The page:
Among the human rights violations taking place in the world’s youngest nation’s continuing civil war is state-sanctioned rape, according to a new United Nations report.

The use of sexual abuse rights as payment was a particular focus in the new UN report on South Sudan. Thousands of incidents of rape have been documented by the UN, although they believe their records to represent only a fraction of actual numbers.

Th new report describes the South Sudanese government’s current policy toward its weakening opposition as a “scorched earth policy” that includes deliberate targeting of civilians for killing, rape and other crimes.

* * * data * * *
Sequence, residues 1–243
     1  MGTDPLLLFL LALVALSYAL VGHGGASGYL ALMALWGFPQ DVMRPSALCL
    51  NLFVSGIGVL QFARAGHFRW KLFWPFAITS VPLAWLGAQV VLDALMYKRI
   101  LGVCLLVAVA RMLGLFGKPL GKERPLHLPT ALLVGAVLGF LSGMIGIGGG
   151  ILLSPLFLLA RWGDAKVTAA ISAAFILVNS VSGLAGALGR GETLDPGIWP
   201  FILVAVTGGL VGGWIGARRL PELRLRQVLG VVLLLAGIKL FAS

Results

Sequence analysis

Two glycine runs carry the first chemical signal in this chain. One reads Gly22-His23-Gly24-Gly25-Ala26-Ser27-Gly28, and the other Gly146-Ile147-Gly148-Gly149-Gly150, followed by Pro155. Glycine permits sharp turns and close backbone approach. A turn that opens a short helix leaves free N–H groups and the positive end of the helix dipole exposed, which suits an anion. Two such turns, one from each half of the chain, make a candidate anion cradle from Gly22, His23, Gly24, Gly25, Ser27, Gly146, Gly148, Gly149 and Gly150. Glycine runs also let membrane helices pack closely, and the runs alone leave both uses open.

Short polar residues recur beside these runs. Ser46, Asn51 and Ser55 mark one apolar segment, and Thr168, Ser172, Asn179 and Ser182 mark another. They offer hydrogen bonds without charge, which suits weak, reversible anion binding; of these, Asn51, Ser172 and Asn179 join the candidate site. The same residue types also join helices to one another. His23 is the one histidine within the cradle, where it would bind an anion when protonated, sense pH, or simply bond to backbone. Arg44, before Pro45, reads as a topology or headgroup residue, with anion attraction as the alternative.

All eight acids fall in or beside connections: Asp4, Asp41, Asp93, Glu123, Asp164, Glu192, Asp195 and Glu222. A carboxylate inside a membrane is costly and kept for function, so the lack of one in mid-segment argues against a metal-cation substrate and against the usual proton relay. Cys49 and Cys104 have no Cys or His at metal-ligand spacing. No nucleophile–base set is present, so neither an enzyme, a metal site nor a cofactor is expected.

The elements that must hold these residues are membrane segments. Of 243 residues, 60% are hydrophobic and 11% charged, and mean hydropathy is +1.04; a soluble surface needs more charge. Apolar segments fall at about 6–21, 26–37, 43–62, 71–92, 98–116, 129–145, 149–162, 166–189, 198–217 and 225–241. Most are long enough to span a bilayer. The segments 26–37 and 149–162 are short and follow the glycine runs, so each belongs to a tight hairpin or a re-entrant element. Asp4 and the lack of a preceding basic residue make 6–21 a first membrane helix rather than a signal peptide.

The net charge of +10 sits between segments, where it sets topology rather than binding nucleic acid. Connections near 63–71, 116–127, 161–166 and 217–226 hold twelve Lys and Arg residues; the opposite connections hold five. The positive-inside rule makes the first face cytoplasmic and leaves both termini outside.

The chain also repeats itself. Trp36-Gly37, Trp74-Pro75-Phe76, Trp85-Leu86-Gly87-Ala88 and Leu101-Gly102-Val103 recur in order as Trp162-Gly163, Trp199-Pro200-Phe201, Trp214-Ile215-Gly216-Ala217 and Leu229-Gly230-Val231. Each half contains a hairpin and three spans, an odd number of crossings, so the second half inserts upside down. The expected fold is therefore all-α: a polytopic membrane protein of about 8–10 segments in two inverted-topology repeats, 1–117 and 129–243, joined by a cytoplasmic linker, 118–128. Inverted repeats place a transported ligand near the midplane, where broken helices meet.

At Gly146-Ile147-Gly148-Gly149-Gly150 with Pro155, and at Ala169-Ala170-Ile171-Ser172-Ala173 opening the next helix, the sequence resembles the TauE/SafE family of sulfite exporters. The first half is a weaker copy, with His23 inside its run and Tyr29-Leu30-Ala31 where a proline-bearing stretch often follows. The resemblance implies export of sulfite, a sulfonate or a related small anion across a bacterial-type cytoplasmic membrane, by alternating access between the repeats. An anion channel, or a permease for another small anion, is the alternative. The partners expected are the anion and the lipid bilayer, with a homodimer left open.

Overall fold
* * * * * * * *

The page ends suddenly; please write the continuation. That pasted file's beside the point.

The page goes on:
“This is one of the most horrendous human rights situations in the world, with massive use of rape as an instrument of terror and weapon of war,” stated UN High Commissioner for Human Rights Zeid Ra`ad Al Hussein, “yet it has been more or less off the international radar.”

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Widespread human rights abuses including rape have been reported since the conflict broke out in December 2013, but the new UN report has also found that most of the crimes are not taking place as a result of conflict, but are simple attacks on civilians in the lawless country. Much of the abuse takes place within a context of tribalism — which is sometimes referred to as racism — Dinka, Nuer and other tribes have long antagonized each other in the East African region.

By Justin Munce
UN Report downloads (short version) (long version)